Operating conditions across the French construction sector worsened further in August as activity was weighed down by weak client demand and a strong fall in new business, the latest HCOB PMI® data compiled by S&P Global showed. Despite sentiment among construction firms remaining downbeat, the pace of decline in employment slowed notably to the weakest in six months. Nonetheless, signs of retrenchment continued as companies reined in their purchasing activity further.
Higher prices for materials also weighed on input buying, as the rate of cost inflation accelerated midway through the third quarter. Although still slower than most of those seen over the last two-and-a-half years, the uptick in inflation was in conjunction with a renewed deterioration in vendor performance.
The headline HCOB France Construction PMI Total Activity Index — which measures month-on-month changes in total industry activity — recorded 42.4 in August, down from 42.9 in July, to signal the fastest contraction in total activity at French construction firms in 2023 so far.
As has been the case since June, the housing sector remained the worst performing of the three monitored construction categories. The sector was alone in seeing an accelerated decline in activity, and one that was the sharpest since May 2020. All three monitored segments remained in contraction, with commercial building firms recording the slowest decrease in activity.
Subdued client demand stemming from the impact of higher interest rates on customer sentiment and development opportunities, led to a further downturn in new orders in August. The rate of decline was the slowest since January, but historically steep overall.
Subsequently, firms continued to cut workforce numbers in August. Employment fell for the sixth month running, albeit at the weakest rate in this period. Job shedding was often attributed to the non-replacement of voluntary leavers.
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Additional signs of efforts to cut costs came in another sharp decrease in purchasing activity at French construction firms. The cutback in input buying was in part linked to higher costs for materials, with many companies also mentioning lower new orders.
The rate of input price inflation regained speed in August. Although slower than most of those seen over the last two -anda-half years, the increase in purchase costs coincided with a renewed deterioration in supplier performance. The extent to which lead times for inputs lengthened was the most marked since April, despite being only marginal overall.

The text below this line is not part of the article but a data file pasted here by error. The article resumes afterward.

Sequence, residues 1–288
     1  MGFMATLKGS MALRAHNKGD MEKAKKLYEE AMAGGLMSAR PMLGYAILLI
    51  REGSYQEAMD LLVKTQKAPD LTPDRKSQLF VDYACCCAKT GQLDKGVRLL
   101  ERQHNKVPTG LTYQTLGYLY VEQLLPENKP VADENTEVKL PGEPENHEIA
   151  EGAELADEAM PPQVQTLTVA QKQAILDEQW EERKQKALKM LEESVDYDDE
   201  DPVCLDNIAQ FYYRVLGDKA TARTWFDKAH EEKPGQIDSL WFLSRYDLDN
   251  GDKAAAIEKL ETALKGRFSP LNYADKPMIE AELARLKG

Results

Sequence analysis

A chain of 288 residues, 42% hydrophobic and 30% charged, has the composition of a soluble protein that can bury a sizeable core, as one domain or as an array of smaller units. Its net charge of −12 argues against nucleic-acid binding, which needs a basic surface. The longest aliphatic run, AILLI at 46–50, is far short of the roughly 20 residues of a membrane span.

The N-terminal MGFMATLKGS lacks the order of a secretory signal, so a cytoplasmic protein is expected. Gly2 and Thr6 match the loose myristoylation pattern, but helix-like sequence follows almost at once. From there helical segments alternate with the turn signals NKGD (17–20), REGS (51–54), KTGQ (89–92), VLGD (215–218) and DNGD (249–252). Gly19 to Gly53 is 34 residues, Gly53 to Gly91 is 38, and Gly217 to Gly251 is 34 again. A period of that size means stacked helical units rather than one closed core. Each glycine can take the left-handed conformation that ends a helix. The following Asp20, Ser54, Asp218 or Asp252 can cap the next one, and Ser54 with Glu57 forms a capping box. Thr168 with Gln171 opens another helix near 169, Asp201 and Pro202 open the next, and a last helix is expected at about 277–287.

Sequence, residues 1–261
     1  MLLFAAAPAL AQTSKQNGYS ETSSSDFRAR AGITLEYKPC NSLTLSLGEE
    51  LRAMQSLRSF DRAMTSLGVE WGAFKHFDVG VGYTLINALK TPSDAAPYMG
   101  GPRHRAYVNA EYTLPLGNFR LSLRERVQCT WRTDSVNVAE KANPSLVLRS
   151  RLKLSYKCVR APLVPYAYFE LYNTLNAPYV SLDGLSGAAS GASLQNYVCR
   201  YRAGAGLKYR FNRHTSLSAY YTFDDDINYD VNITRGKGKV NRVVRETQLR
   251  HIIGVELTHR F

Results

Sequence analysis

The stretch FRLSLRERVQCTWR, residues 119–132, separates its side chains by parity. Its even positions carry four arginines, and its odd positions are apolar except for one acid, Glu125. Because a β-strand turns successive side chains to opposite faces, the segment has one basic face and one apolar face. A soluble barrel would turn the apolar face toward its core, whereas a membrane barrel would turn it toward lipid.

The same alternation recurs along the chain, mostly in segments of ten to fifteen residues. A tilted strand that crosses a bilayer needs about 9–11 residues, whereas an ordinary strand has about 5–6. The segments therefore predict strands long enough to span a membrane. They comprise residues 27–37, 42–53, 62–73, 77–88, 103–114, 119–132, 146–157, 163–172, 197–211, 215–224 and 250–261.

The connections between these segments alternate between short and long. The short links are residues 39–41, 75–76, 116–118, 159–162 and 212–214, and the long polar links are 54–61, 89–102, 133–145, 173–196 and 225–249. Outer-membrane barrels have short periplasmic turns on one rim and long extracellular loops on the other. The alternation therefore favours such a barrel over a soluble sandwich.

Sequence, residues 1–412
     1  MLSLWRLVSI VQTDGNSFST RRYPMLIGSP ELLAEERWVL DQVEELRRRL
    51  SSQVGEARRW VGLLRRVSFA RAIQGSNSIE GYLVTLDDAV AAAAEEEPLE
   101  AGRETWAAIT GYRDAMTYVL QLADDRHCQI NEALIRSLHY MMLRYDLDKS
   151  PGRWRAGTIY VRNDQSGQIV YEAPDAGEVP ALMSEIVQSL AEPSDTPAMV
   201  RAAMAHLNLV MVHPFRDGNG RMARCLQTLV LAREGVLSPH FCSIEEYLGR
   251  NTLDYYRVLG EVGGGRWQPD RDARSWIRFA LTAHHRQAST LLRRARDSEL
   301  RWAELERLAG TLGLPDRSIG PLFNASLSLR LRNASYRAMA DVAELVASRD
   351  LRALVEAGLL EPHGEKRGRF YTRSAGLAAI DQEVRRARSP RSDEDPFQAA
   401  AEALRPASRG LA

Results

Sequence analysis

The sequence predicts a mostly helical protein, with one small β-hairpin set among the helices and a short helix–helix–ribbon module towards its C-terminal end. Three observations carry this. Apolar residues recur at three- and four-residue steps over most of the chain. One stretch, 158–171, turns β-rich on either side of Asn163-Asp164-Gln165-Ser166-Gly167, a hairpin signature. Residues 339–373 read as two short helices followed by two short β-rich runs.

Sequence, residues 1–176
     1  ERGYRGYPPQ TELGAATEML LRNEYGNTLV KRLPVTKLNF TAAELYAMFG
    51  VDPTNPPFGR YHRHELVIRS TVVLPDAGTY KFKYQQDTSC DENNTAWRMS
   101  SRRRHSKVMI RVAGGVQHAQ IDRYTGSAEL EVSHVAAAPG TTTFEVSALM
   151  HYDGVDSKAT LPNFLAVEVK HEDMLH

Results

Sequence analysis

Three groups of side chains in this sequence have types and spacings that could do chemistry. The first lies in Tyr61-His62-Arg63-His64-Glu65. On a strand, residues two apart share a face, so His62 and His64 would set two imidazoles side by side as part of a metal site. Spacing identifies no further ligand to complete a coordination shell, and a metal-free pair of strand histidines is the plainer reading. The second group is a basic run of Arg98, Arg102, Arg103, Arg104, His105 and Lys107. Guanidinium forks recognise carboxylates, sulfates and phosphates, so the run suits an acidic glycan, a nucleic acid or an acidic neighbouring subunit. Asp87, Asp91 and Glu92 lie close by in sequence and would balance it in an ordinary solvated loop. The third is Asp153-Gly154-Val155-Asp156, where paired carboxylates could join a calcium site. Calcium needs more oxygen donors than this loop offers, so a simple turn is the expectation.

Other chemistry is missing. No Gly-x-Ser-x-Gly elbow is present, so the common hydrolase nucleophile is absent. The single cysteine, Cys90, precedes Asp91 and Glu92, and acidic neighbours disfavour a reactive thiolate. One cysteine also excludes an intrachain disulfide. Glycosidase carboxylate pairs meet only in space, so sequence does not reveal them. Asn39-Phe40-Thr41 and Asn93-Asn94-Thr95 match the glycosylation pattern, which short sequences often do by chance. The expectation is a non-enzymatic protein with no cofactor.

French construction firms continue to expect lower output over the coming year, amid headwinds from higher interest rates and weak demand. Pessimism across the sector remained solid overall, with the respective index matching July’s reading.
Commenting on the PMI data, Norman Liebke, Economist at Hamburg Commercial Bank, said, “The French construction sector is in a deep recession. Official data from INSEE confirm the picture the HCOB PMIs were painting over the past months. The current situation remains difficult, especially for the housing sector as demand continues to decline due to past interest rate rises and a loss in purchasing power caused by inflation. The newest PMI reading shows a further deterioration of the sector in the third quarter.
“Higher interest rates are hitting the construction industry. This can also be seen in the employment situation and new orders, which have declined again. The decline in employment can be explained by the fact that voluntary leavers were not replaced as part of cost-cutting efforts, showing signs of the challenging economic environment.
“Input prices accelerated in August. Companies surveyed attribute this to supply constraints. This can also be seen in the PMI for suppliers’ delivery times, which fell below the threshold of 50. Suppliers’ delivery times should be closely monitored over the following months due to its potential of igniting the fire of even higher input prices.
“It is a gloomy time for the French construction sector. The companies surveyed remained pessimistic in August for the year ahead due to a challenging economic environment following the interest rate hikes characterized by higher refinancing costs, weaker client demand and high input prices.”
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